I pulled over onto the shoulder in the storm. Pike Pass was dangerous in fair weather. With limited visibility through sheets of pelting rain, I didn’t want to find myself swerving and flipping down a cliff to die. My parents lived just another mile up. No rush. Pulling over was wise. Safe.
Fate always seems to give you gifts you’ll hate.
When the rain stopped, my car was buried to the frame in mud. When I tried to rock it out, the wheels pitted themselves further.
It wasn’t far; I’d walk. Knowing the direction to head should save me some time. I’d bypass some distance by forging a path through the trees.
The darkness brought by the rain never did leave. As I went, twilight began to take hold, painting the canopy of branches above into sinister reaching outlines. Before very long, it was fully night. I hiked these woods, even camped here as a kid, I knew the direction to my childhood home by following the grade of the upward slope. I knew by sense of direction that bordered on preternatural.
I knew I was going the right way. It was less than a mile.
Why hadn’t I made it there?
A deer shifted its head above a line of undergrowth and spotted me. It darted swiftly past, hoofs landing softly on leaves and twigs as it rushed someplace in the direction I’d come. An owl hooted in the brooding dark. Then, the entire wood fell silent. Air didn’t howl through branches and crickets didn’t chirp. A single sound came to me in the eerie void of noise–footfalls. Far too clumsily made to be caused by something that belonged out here between the trees; beneath the lonesome stars in this quiet. It was a man. Another man in the dark.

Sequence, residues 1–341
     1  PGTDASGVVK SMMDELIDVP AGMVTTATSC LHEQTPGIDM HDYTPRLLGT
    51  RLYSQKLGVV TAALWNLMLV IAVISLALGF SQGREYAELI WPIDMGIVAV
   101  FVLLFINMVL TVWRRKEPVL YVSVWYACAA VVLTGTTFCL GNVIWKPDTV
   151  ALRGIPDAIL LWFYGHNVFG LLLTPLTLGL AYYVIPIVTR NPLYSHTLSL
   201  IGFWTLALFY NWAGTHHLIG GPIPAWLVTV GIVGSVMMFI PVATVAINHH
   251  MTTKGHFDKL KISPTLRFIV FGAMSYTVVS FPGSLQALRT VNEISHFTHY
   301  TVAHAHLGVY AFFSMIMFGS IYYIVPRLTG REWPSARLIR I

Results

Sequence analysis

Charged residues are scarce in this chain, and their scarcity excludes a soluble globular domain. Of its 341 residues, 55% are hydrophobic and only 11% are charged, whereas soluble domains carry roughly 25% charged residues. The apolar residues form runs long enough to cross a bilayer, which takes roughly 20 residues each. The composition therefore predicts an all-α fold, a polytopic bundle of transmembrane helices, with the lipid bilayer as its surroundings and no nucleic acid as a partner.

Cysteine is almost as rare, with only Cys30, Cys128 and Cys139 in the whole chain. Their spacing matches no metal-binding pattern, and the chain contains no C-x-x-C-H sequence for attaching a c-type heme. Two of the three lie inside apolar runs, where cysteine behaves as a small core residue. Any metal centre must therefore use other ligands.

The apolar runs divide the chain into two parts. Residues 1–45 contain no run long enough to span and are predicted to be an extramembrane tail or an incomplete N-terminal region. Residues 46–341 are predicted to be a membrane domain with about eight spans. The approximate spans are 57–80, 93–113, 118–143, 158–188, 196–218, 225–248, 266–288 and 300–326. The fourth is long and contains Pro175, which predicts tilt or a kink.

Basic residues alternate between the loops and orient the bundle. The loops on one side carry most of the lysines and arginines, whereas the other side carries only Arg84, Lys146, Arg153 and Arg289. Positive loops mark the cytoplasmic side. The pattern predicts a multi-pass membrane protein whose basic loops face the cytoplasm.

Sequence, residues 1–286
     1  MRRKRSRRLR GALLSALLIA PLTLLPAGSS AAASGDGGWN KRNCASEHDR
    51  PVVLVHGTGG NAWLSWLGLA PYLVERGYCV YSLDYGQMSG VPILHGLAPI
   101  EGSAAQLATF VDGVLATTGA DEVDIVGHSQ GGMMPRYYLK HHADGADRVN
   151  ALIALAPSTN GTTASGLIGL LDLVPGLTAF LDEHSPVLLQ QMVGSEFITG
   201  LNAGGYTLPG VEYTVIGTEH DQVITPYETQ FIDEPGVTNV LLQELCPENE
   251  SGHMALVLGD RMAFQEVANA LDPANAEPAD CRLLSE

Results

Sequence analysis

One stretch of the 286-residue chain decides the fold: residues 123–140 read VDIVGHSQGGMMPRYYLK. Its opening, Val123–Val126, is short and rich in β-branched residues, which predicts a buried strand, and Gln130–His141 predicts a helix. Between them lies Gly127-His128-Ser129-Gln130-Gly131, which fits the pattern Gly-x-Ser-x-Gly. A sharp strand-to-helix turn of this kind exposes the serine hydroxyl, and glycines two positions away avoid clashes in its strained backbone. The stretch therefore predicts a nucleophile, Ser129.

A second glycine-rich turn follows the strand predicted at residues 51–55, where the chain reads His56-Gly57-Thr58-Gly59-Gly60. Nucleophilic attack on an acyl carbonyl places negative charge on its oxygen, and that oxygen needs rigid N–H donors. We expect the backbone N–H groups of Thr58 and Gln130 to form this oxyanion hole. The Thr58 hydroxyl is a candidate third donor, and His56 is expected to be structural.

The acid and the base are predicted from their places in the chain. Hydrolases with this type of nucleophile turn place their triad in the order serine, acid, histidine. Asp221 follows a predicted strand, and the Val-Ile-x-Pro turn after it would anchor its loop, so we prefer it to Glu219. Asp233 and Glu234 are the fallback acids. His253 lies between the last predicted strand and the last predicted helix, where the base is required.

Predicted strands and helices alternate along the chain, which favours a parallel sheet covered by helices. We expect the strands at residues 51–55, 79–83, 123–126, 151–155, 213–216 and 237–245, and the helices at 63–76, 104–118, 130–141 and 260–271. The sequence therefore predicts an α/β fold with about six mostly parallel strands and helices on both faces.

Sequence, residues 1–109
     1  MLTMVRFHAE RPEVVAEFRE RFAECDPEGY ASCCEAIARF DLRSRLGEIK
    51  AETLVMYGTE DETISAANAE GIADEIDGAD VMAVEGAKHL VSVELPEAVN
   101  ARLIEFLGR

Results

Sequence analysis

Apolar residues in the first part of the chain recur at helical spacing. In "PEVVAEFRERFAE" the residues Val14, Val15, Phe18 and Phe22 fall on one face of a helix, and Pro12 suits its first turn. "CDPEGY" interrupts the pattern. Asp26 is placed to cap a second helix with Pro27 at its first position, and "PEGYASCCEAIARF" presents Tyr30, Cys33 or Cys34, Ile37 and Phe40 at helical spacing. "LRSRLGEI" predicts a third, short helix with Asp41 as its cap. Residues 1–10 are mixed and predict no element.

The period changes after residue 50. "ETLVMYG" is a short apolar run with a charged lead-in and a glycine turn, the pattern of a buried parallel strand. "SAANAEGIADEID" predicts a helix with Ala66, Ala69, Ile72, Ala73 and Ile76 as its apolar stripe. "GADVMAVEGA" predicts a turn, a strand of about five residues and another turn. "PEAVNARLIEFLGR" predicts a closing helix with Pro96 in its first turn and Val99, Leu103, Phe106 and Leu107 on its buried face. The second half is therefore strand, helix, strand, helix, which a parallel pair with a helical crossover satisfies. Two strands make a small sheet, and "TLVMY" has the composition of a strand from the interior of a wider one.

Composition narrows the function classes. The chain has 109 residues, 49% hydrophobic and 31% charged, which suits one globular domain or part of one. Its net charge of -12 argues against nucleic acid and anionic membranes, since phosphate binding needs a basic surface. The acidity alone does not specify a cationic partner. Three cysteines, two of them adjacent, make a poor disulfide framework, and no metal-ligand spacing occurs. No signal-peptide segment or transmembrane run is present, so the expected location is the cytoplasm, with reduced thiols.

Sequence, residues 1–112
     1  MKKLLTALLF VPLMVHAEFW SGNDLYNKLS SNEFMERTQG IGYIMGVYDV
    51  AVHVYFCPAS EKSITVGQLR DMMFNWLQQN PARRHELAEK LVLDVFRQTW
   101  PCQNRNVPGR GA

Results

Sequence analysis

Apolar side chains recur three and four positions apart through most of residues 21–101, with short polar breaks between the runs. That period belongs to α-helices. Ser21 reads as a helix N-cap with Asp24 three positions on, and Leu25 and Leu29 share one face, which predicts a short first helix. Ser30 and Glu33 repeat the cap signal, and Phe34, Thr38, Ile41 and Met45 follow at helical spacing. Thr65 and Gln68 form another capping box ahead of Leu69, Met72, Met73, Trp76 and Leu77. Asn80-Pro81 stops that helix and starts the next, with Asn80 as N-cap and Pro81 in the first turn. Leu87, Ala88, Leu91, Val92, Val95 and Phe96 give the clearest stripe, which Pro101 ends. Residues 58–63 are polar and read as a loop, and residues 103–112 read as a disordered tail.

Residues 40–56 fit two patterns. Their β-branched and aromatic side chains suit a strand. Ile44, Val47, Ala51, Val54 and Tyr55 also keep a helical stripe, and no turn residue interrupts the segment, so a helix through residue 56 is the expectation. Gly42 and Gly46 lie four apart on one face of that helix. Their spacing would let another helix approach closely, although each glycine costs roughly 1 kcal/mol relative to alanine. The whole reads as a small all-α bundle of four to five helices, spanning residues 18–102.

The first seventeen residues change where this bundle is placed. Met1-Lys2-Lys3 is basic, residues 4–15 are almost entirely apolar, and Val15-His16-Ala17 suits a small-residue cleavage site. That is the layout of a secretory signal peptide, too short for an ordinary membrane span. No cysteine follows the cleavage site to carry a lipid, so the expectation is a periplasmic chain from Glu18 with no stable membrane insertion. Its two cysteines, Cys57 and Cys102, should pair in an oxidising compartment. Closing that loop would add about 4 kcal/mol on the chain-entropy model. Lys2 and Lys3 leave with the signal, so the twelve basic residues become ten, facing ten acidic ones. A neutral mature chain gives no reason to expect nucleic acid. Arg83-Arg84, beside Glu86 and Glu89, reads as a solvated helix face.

Aside from me, no person had reason to be in these woods in the dark after heavy rain.
When I ran, the other man followed suit.
I ran until my lungs burned and my heart pumped magma. I must have run for 15 minutes without stop. Skirting trunks. Leaping fallen logs.
Where was the house?
Just as I was about to abandon hope, I spotted a light through the trees and was revitalized with vigor.
In moments I made it to the door.
“Mom!” I shouted, “Dad! Let me in! Someone’s out here!” I pounded until my mother answered.
“You look like the devil’s after you,” she said.
I pushed past and slammed the door, locking the bolt.
The knocking began moments later.
Someone shouted, “Mom! Dad! Let me in! Someone’s out here with me!” in my voice from the other side of the door.
There was a knock at the back entrance. There was knocking on windows and walls. My voice surrounded us and pleaded “let me in!”
I remained quiet as all around an impossibly sinister chorus used my identy and sang lies from every side.
I could feel the mountain laugh as rainstorms began anew.